Alice is only sixteen and already doing badly in the world, defying the law and doing poorly at school.1 But she doesn’t want the world anyway. She wants to be that fantastic and dangerous thing, a Wonder. Of course, she soon reaches Wonderland, and all its color and chaos cannot hide its darkness. In The Wonderland Trials, Sara Ella crafts a dystopian retelling of Lewis Carroll’s classic, reinventing with flair all Wonderland’s denizens and infusing the story with freshness. Characters are sharply realized, and first-person narration gives the young heroine an appealing voice. The novel explores themes of believing without seeing, yet grants religion little notice or importance. Although indebted to a classic, The Wonderland Trials is inventive and colorful in its own right, abundantly able to charm and to intrigue.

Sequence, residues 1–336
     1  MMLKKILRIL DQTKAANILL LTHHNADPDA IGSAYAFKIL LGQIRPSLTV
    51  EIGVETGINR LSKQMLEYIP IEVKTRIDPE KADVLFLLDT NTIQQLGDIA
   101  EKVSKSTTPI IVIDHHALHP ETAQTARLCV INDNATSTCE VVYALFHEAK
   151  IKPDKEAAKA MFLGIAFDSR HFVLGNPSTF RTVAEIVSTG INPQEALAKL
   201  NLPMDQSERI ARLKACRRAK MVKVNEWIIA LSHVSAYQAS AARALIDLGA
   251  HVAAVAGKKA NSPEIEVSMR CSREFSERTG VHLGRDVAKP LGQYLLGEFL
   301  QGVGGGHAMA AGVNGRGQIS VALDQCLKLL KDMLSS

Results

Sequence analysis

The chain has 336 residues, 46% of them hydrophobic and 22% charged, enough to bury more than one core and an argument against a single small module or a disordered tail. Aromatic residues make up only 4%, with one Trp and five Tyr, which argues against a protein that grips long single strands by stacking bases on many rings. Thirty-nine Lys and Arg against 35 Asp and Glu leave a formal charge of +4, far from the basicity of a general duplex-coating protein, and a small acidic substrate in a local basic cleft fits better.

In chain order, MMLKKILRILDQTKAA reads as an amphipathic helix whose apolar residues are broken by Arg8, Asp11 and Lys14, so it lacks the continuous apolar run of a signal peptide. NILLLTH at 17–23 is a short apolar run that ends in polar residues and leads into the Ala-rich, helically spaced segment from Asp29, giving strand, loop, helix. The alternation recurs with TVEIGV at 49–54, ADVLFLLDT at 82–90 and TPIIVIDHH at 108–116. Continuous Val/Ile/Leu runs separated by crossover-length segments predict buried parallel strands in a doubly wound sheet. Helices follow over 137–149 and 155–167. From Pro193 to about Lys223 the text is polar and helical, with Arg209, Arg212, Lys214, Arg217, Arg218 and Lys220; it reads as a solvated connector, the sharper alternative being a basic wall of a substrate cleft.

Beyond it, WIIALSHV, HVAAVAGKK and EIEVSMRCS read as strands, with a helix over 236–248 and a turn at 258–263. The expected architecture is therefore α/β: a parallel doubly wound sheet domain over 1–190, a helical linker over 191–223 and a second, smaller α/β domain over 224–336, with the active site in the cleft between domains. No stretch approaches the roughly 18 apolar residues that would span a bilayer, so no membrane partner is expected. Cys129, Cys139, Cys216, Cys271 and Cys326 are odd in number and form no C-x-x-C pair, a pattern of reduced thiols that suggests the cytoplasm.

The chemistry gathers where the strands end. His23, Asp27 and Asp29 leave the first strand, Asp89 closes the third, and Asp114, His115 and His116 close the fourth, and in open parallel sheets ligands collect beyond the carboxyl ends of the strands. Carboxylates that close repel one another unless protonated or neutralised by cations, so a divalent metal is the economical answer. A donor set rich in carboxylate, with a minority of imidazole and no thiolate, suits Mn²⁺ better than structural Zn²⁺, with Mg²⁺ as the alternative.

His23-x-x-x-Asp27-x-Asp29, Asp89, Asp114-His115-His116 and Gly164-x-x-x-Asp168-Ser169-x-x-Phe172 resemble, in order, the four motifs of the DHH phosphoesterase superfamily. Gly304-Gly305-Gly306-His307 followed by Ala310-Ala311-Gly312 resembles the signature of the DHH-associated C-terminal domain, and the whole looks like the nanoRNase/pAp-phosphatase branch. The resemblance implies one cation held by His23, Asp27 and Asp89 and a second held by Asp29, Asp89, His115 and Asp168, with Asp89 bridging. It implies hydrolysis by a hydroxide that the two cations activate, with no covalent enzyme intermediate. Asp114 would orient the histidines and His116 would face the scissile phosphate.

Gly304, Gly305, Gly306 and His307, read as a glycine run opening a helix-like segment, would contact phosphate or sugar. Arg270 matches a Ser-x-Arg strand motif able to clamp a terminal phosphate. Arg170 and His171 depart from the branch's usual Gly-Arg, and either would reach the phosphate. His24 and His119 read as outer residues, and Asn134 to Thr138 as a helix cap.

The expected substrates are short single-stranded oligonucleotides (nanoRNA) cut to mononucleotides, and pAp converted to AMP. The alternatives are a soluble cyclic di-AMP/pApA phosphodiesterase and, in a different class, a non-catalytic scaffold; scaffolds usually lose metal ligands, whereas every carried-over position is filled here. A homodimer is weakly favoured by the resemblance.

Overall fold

Best for: Fans of dystopian tales and modern retellings of classic stories.
Discern: Peril to minors; games that serves as popular entertainment and sometimes cause physical injury to adolescents; frequent deception, even among those purportedly on the right side; the heroine steals and breaks the law without repentance or reckoning.